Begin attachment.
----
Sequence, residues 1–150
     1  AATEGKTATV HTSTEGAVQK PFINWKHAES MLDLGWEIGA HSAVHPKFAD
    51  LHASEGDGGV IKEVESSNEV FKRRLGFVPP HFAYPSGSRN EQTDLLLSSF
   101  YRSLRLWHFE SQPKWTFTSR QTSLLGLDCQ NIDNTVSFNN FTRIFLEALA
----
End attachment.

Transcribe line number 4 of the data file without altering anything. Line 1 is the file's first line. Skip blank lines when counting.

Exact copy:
   101  YRSLRLWHFE SQPKWTFTSR QTSLLGLDCQ NIDNTVSFNN FTRIFLEALA